Most often than not, the success of any project (or start-up) is measured in terms of current and potential profits. We often overlook human growth which is even more fulfilling. In this post, I am going to discuss how a side project/mini startup -- AU Tech Jobs helped at least 6 people, all immigrants, land full-time tech jobs from casual non-tech roles and how it has changed their lives in more positive ways during this looming pandemic.
Table of contents #
- How AU Tech Jobs started
- Getting more hands in the game
- That soft launch
- Joiners and leavers
- First success story
- Other success stories followed
- Not all rosy stories
How AU Tech Jobs started #
Towards the end of 2019, I become a Google Developer Expert (GDE) for Google Cloud Platform (GCP) which landed me $500 credit for GCP. I had a side project running since 2019 and a fraction of the credit was used for that side project. I had this idea to make a job aggregator, with a simple problem to solve.
The job searcher doesn’t need to go to 50+ websites to look for jobs of their interest, it is aggregated at one place.
The person looking for a job could follow companies, keep a track of jobs applied and do similar tasks. Along the same lines, I had also built a list of companies that provide work visa sponsorship in Australia.
I had jotted down a gist on 2-Jan-2020 with a basic outline of how I wanted to get this Job aggregator to life from an idea in my head. After a couple of months and after tackling some of my own issues, I came back to the project. By then it was the end of April 2020 and the COVID-19 pandemic situation had gradually begun to settle in Sydney.
I wanted to do some microservices and I had a bunch of scrapers running in my head already.
I put a couple of them in code and the scraper microservice to pull the jobs from 5 companies. By the end of Apr, I had the scraper pull in jobs on a schedule from 5 companies using ScarpingHub (now Zyte) for free.
Getting more hands in the game #
Sooner than later, I realized that building this by myself wasn’t going to be enough. If I wanted to help job seekers, I would need more support. As a result, my search for contributors began. But I thought to myself, What was the point? Why would anyone contribute/write code for free to support an idea some random guy has? This helped me materialize the value this project would bring to the team that contributed to it. So I reached out to freelancers/ job seekers from my network.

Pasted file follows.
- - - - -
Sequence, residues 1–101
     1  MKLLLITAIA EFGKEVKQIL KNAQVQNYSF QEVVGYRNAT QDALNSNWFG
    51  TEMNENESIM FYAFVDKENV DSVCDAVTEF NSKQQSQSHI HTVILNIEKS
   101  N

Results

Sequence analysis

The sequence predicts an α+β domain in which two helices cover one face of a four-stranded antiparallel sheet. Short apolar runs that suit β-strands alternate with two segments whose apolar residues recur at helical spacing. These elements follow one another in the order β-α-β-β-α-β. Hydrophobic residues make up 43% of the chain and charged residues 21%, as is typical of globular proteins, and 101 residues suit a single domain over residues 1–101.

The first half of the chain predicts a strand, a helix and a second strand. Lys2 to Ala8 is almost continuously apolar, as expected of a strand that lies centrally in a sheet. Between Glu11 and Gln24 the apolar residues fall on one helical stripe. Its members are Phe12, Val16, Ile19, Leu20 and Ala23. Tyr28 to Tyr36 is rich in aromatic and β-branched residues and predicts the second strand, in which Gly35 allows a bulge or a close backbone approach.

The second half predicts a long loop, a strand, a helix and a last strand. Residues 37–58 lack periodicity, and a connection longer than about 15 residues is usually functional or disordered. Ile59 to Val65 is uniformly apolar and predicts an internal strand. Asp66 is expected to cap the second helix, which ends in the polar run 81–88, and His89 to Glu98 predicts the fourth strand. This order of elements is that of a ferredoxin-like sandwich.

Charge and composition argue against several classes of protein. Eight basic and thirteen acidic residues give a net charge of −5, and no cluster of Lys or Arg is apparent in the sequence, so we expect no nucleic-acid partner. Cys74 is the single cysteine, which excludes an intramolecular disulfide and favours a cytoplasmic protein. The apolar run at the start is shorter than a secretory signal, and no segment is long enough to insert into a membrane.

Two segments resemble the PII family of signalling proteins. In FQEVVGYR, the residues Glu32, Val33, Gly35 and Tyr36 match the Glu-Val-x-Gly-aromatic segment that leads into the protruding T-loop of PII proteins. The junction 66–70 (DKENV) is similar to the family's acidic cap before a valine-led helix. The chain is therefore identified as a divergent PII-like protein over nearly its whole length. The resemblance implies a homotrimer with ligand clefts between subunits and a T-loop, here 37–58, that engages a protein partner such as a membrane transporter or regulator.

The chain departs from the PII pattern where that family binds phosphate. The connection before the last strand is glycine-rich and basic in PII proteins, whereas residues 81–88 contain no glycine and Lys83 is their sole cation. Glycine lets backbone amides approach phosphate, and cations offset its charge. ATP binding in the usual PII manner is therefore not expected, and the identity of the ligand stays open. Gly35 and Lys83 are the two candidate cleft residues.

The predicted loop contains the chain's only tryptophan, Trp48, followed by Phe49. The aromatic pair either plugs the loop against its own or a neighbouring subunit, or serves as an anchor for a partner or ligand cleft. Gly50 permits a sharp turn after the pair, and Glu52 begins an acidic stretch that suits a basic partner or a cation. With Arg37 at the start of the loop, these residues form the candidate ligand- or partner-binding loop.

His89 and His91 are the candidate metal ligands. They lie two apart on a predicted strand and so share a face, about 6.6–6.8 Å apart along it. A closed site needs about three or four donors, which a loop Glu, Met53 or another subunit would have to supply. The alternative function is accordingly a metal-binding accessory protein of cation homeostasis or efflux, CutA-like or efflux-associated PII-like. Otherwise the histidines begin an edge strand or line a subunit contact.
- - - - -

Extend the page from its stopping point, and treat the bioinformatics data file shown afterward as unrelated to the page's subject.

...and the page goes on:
The value proposition was an opportunity to be a part of a tech startup, learn from one another and pave their way to a more lucrative full-time tech job. Another advantage was the network of people working on AU Tech Jobs.
In a matter of months, I had gathered 8-10 amazing people (some I had known previously) who were pumping code to the idea. It had already taken some shape and at this point, there were already 2-3 Node.js microservices on Google Cloud Run. I was architecting the solution in the little time I could give to the project and this amazing bunch of people was moving the idea forward.
That soft launch #
On 3-Aug-2020 we did a soft launch and publicized AU Tech Jobs in some of the social media channels.
The response was lukewarm but we were not after the numbers, we were after up-skilling ourselves.
This project fulfilled many purposes at once. For job seekers, it acted as an opportunity to gain real-time work experience through a project. For others, this meant many things; a means to give back to the tech community, a means to build up new skills or a means to explore new tech opportunities. People who didn’t have full-time tech jobs were after that prized possession and those who had one (not me) were after the next better role they could get using AU Tech Jobs as a bridge.
Joiners and leavers #
Like any other idea, start-up, or side project, We also had some joiners and leavers. The leavers were the ones who would bag a full-time tech job during the pandemic. On top of it, they were already battling a visa situation, which made this success even more worthwhile.
As it is pretty clear, here in Australia if you don’t have a permanent residency (PR) or Australian citizenship your chance of landing a job is automatically at least halved.
And then without money to make ends meet, the motivation to contribute to a project could also dwindle with time.
Getting a full-time job is an entirely different ball game when you are an immigrant. You land in a new country and city. The culture is very different than what you were used to most of your life. Even your mother tongue is not English. This is why 6+ people getting full-time jobs through AU Tech Jobs in itself is not a small thing.
First success story #
Our beloved, SB, who had contributed really well to AU Tech Jobs, was the first person to join the team and was living here in Australia. At that time, he was employed with an Aged Care center. He was sharpening his programming and frontend software engineering skills with React like a lion devouring his kill.
Against all odds of visa, not having worked in tech before he bagged a full-time coding job in Brisbane.